Issey Miyake, Woman's Flying Saucer Dress, 1994.
Over seven decades of style will be displayed in Fabulous Fashion: From Dior’s New Look to Now, a major exhibition highlighting creativity and glamour. The haute couture and ready-to-wear garments and accessories on view range in date from 1947 – the year of the introduction of Christian Dior’s revolutionary “New Look” – to recent ensembles by audacious designer Bernhard Willhelm. Featuring some of the most significant and visually compelling works from the Museum’s renowned collection of costumes and textiles, Fabulous Fashion presents many new acquisitions and other outstanding works, exhibited rarely if ever before.
Timothy Rub, The George D. Widener Director and Chief Executive Officer, said: “Few museums have such extraordinary range and depth in their collection of costumes and textiles as the Philadelphia Museum of Art. As we continue to work on our Facilities Master Plan, which will result in much more gallery space to display the richness of our holdings in this field, Fabulous Fashion will serve as a reminder of the strength of our collection and all that we have to offer to those who value the extraordinary history of costumes and textiles as much as we do.”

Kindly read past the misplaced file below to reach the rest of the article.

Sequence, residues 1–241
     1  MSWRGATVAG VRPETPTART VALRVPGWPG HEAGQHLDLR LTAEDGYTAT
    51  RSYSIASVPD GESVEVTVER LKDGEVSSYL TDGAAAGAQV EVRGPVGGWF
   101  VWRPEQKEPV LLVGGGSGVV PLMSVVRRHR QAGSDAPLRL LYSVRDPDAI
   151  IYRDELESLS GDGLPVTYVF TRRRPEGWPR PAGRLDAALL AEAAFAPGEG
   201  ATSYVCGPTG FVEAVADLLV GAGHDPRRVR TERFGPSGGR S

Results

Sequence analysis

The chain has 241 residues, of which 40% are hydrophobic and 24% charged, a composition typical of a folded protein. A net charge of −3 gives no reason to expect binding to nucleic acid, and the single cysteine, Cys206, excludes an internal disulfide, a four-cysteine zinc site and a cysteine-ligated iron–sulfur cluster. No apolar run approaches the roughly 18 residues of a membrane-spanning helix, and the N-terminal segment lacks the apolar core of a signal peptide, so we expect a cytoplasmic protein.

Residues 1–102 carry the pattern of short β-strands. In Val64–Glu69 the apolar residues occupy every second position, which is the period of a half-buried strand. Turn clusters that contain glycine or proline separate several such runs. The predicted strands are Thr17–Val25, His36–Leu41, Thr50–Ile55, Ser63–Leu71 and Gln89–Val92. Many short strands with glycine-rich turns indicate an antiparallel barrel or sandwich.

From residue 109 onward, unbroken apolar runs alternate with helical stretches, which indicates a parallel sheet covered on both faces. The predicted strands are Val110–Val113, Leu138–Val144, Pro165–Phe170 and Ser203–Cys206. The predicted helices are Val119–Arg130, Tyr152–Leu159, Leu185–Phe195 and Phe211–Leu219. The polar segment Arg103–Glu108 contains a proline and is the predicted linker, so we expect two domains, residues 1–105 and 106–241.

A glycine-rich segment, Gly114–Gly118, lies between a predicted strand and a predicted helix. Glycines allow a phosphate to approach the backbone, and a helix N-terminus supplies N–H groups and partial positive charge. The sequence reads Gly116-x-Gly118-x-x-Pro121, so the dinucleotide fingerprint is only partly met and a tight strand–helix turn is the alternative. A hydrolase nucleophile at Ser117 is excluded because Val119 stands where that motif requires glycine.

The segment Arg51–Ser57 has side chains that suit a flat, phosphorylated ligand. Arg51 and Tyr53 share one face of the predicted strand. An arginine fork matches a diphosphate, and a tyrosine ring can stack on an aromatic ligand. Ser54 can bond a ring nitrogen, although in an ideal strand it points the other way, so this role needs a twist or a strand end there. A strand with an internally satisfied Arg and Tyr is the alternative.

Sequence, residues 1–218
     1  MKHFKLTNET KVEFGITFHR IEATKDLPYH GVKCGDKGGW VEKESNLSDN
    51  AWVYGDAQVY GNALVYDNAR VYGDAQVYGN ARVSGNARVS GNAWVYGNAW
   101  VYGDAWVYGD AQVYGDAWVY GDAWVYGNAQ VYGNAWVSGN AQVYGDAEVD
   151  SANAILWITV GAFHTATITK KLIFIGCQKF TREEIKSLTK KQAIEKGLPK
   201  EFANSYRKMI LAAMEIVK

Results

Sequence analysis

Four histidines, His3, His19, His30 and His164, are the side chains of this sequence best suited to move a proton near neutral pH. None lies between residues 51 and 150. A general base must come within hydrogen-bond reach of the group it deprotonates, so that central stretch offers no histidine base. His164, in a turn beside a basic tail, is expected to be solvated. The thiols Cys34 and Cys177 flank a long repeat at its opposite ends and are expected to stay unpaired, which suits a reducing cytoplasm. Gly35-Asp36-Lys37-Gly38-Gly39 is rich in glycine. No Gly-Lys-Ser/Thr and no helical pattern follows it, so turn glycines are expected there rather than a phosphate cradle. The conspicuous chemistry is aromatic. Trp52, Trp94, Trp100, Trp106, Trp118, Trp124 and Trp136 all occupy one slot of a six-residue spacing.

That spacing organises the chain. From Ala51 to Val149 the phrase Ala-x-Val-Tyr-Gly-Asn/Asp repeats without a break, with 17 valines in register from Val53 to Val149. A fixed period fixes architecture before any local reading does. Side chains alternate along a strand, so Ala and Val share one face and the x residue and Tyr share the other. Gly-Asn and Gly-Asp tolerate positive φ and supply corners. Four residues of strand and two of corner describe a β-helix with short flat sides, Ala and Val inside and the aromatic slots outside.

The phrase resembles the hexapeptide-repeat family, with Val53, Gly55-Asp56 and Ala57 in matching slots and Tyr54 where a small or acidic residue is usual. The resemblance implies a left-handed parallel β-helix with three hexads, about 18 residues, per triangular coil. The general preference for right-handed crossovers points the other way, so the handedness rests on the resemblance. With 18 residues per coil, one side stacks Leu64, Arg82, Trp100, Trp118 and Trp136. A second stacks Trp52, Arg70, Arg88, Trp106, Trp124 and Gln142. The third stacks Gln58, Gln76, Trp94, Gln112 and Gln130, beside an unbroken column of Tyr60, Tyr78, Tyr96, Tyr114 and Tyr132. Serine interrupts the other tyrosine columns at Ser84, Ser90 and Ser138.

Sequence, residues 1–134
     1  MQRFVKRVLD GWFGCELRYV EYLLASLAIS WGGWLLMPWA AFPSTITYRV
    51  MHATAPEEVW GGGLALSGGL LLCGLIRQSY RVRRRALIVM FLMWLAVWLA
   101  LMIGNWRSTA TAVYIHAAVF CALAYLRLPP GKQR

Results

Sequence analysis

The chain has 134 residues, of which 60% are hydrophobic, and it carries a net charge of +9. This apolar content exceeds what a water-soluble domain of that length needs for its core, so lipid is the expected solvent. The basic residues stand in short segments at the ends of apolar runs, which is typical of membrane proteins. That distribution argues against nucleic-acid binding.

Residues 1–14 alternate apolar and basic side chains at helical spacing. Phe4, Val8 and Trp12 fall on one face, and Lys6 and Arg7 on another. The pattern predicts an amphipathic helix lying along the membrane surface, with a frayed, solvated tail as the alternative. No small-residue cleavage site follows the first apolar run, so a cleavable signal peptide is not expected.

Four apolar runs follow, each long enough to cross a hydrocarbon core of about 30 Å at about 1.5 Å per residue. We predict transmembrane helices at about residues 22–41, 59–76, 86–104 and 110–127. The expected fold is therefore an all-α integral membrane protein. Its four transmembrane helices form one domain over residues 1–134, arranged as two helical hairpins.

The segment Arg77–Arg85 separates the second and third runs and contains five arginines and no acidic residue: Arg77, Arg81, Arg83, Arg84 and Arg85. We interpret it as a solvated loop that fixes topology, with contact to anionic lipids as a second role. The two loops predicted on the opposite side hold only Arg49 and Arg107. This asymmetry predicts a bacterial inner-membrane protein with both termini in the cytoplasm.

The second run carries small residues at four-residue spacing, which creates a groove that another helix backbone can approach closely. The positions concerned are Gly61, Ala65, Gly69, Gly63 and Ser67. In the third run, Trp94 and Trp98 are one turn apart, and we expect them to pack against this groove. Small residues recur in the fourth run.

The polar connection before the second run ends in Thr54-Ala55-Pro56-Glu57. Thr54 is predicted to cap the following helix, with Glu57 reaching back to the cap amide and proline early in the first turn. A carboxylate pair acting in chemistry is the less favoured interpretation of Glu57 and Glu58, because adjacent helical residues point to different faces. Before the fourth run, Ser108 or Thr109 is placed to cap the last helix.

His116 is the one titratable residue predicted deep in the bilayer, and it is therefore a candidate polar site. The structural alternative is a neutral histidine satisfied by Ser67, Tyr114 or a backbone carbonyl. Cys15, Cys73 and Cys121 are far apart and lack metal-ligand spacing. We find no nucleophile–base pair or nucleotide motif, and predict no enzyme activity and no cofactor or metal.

Fabulous Fashion includes such iconic works as Adrian’s 1947 velvet “winged victory” gown, an understated black and white 1972 Chanel suit, and Geoffrey Beene’s 1994 silver lamé “Mercury” dress. Radical design is exemplified by Paco Rabanne’s dress made of plastic discs linked by metal rings (from his 1966 collection entitled “Twelve Unwearable Dresses in Contemporary Materials”) and a punk-inspired ensemble by Zandra Rhodes from her 1977-78 “Conceptual Chic” collection.
Focusing on fashion as an art form, the exhibition is arranged thematically to explore designers’ creative use of color and pattern, shape and volume, draping, metallics, bridal traditions and innovations, and exquisite embellishments. Works will be grouped together to offer striking visual comparisons and demonstrate the relentlessly creative spirit of fashion
(Image courtesy of Philadelphia Museum of Art)